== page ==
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2

If your textbook actually derives $(2)$ as the motion of a thrown object, throw it away. The general trajectory of an object thrown from $(0,0)$ at angle $\theta$ is $$ y(x) = x\tan(\theta) - \frac{gx^2}{2v^2}(1+\tan(\theta)^2)\tag{1}$$ and now you say you "impose $\Delta = 0$". Let's analyse that "imposing" a bit more carefully, it is equivalent to $$ v^4 ...


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It would still be here, it would just be turned inside out.


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You can approach this in a couple of different ways. 1) The motion of the center of mass of the particles will follow the same path the grenade would have followed if it had not exploded. 2) The total momentum of the two pieces immediately after the explosion will be equal to the momentum of the grenade immediately before the explosion. Enjoy the algebra ...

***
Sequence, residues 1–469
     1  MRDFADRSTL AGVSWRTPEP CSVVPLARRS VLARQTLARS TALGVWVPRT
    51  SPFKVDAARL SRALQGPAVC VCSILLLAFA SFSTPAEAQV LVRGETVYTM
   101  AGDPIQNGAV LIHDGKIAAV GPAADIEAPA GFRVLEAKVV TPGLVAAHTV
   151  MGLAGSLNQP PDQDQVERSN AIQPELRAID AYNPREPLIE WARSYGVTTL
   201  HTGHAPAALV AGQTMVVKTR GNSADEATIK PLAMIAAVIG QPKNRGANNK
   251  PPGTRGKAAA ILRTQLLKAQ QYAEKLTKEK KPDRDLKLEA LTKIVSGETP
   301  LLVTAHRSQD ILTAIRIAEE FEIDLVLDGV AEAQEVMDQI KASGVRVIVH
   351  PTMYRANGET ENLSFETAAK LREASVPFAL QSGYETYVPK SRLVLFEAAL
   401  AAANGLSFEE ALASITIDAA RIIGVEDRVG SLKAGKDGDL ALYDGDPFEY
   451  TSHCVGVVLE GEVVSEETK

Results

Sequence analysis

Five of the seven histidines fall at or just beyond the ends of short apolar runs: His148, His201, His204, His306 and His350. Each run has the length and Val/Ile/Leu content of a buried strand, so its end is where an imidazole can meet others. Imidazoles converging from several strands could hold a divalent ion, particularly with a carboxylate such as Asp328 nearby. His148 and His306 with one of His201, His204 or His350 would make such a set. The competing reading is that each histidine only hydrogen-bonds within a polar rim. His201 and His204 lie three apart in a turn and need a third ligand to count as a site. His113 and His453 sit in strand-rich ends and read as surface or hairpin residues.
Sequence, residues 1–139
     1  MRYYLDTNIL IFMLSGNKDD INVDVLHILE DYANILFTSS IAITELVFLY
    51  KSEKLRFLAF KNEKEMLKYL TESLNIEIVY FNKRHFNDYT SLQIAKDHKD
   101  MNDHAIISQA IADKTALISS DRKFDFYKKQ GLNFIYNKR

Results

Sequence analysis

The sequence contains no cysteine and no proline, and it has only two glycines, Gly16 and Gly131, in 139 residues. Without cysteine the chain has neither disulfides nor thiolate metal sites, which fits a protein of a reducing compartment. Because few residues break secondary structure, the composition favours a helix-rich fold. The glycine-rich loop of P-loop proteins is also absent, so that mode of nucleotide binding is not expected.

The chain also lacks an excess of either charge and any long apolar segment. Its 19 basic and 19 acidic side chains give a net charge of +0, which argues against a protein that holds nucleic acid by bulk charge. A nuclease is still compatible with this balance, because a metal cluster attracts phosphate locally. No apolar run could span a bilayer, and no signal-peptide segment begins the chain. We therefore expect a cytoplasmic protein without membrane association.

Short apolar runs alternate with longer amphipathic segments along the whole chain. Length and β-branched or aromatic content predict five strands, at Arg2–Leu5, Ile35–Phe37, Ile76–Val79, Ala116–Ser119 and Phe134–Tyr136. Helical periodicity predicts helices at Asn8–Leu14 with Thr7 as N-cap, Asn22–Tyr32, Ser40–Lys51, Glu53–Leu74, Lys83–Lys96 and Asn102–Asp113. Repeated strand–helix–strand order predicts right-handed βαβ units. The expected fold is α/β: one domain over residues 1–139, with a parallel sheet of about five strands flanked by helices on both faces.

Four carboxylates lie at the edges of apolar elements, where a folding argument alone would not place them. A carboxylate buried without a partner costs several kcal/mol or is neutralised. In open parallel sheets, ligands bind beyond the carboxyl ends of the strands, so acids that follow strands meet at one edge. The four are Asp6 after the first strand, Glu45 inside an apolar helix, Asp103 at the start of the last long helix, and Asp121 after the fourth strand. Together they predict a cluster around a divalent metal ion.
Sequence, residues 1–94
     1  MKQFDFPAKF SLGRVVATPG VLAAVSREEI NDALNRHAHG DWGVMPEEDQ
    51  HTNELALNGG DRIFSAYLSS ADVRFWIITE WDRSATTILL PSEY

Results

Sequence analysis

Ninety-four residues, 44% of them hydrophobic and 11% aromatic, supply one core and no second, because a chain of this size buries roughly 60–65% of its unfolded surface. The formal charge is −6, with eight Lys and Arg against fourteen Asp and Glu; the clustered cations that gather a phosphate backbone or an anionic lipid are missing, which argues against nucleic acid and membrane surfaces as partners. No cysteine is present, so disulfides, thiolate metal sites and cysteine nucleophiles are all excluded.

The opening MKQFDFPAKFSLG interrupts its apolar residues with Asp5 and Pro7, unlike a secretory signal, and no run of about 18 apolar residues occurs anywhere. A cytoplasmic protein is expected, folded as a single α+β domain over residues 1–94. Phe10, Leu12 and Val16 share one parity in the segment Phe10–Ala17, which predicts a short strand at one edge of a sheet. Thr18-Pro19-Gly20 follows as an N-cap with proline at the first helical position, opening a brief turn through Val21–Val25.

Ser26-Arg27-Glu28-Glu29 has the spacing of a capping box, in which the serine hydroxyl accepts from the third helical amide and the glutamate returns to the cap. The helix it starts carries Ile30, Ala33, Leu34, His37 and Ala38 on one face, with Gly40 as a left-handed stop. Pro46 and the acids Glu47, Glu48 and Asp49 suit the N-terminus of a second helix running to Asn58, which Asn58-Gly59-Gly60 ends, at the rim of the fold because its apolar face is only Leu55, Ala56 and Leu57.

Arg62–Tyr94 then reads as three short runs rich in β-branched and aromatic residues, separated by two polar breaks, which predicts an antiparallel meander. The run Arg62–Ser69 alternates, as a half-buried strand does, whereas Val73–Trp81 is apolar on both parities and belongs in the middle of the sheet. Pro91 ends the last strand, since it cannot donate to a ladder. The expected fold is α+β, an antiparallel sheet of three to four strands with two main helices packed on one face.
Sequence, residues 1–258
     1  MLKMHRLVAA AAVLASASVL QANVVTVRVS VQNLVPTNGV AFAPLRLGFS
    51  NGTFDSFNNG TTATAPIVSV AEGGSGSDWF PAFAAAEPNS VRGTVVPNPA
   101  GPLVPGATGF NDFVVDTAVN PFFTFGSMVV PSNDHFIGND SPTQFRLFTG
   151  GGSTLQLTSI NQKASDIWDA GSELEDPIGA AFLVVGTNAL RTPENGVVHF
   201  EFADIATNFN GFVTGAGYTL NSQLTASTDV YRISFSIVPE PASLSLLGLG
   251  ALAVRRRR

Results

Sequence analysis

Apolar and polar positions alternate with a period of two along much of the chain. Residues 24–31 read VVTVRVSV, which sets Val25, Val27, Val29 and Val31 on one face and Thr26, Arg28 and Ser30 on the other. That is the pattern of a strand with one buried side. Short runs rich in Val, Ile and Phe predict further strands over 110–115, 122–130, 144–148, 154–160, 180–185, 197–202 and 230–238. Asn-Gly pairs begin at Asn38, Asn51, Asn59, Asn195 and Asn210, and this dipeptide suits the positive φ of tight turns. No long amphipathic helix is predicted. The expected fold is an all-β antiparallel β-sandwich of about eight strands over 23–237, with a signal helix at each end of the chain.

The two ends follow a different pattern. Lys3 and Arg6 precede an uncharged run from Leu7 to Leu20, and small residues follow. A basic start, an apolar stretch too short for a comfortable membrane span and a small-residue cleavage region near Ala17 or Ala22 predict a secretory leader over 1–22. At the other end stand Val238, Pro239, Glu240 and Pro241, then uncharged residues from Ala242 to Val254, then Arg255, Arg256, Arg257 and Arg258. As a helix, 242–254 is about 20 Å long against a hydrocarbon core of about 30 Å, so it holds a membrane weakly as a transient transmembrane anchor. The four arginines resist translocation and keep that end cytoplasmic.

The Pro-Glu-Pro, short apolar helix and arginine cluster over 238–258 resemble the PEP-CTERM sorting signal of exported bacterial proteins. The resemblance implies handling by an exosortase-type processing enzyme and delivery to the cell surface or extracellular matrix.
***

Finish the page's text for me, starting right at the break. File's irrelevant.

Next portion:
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@ Nick Basically you are confusing two different coordinate systems. In the coordinate system where you decomposed g into two components, there the question of x and y doesn't seem valid because you have transformed the cartesian coordinate system into a different one. You would have new x and new y there and you have to stick with one while solving the ...


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For the second part to travel down the path of the full grenade, it must have a velocity $-V_x$. By taking momentum into account, it can then be shown that the other part must have a horizontal velocity $3V_x$. Momentum is conserved, even though kinetic energy is not. You can then use these new velocities to calculate the distance between the two points ...



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